Hitachi bribery included Eskom; ANC must come clean or face Brazilian fate

Not sure what is more sickening: The bribe paid by Hitachi or hypocrisy from South Africa’s ruling political party. When the mood took him, then President Thabo Mbeki droned on about how the world’s focus was always on those accepting bribes, rarely on those who paid them. As if that justified anything. Instead of Mbeki’s obfuscation or his contemporary’s outright denial of the obvious, a credible Government would appoint a Commission of Inquiry into the Medupi contracts and, for good measure, the $10m paid to FIFA to win the 2010 World Cup hosting bid. But that’s probably too high minded for them. So at the very least, sensible people within the ANC should point their colleagues to SA’s BRICS ally Brazil, where the nation has become obsessed by a debate on whether or not to impeach President Dilma Rousseff (63% support doing so) for corruption her political party were involved in while she chaired State Oil company Petrobras. In this networked, digital age, truth cannot be hidden for long. As Volkswagen is discovering, it would be far better to come clean than to be found out. As the crooks always are. – Alec Hogg


Cape Town – Startling revelations following investigations by the US Securities and Exchange Commission have lifted the veil of secrecy in the relationship between ANC funding front Chancellor House and Hitachi Power Africa.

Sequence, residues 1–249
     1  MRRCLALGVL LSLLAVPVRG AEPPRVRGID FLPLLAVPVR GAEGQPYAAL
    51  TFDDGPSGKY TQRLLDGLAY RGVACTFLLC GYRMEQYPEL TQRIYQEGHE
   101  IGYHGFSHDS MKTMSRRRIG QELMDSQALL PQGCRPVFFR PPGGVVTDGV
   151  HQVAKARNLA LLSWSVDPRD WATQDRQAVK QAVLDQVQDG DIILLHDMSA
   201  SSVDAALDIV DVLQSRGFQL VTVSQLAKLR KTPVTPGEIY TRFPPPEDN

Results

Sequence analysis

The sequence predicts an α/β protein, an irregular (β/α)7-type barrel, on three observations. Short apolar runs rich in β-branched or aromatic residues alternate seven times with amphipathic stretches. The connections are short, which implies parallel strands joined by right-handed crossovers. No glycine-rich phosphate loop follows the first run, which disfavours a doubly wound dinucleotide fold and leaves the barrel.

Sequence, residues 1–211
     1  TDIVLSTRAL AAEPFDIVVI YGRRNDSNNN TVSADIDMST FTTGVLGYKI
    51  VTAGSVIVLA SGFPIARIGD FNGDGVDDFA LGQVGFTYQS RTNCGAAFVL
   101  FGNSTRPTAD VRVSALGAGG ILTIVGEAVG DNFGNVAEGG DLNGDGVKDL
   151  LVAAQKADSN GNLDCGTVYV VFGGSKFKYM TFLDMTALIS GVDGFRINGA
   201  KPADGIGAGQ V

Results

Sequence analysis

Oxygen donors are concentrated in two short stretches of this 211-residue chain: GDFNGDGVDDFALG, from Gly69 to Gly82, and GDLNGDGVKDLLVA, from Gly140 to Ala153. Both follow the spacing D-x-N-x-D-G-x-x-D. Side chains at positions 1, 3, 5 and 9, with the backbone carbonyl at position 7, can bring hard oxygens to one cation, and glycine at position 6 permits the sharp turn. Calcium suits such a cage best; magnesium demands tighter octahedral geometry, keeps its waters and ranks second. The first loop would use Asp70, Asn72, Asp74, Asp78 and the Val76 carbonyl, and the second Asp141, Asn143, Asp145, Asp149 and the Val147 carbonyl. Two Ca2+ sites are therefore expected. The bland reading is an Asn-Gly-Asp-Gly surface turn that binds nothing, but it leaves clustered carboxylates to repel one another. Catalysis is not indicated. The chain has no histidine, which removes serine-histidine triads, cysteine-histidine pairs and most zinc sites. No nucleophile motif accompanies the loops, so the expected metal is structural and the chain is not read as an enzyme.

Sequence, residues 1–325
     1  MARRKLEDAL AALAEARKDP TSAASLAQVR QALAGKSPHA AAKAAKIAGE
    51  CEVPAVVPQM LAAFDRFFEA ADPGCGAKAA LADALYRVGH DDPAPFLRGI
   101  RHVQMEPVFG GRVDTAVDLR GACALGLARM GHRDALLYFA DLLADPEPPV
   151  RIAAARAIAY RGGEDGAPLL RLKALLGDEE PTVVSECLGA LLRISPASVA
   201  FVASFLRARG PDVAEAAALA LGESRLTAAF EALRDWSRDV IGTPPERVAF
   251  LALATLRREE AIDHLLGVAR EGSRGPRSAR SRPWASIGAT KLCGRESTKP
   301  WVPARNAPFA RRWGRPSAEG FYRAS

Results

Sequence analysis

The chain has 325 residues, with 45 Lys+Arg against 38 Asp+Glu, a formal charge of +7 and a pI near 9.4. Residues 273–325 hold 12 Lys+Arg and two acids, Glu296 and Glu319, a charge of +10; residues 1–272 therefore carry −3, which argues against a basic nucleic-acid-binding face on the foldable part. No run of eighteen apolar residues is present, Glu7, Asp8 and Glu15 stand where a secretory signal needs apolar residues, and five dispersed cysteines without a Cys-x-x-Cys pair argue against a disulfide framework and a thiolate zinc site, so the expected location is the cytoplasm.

The case has also raised questions about possible manipulation of major contracts at government-owned power utility Eskom, with claims of behind-the-scenes manoeuvering to influence tenders.

Hitachi went to great lengths to conceal the controversial “success fee” with ANC funding front Chancellor House, the commission has found.

Hitachi paid Chancellor House about $1m (R13.9m), which was essentially an incentive for Chancellor House to influence tenders for Hitachi.

Hitachi was awarded major contracts for Eskom’s new power stations, Medupi and Kusile.It has emerged that the company tried to keep the “success fee” arrangement under wraps. The efforts to cover tracks is consistent with the secrecy that has shrouded the entire arrangement between Hitachi and Chancellor House.

Previous responses from those closest to the deal ranged from robust denials to reluctant admissions.

Quoting a November 2005 Hitachi email, the commission has claimed that Hitachi moved to remove the “success fee” from the shareholders’ agreement. This was because customers would pick up the clause during BEE audits “and it is felt that such a clause could be interpreted in a way which it is not intended”.

Instead, in an unsigned and separate agreement, Hitachi promised to pay Chancellor House for influencing power station tenders at Eskom.

In terms of the agreement, Hitachi would pay Chancellor House “for active involvement and support” to Hitachi during the tender adjudication phase of a project “and the award of an order to (Hitachi) must be substantially as a result of Chancellor’s efforts within its reasonable sphere of influence”.- Fin24


US Securities and Exchange Commission Release

Washington D.C., Sept. 28, 2015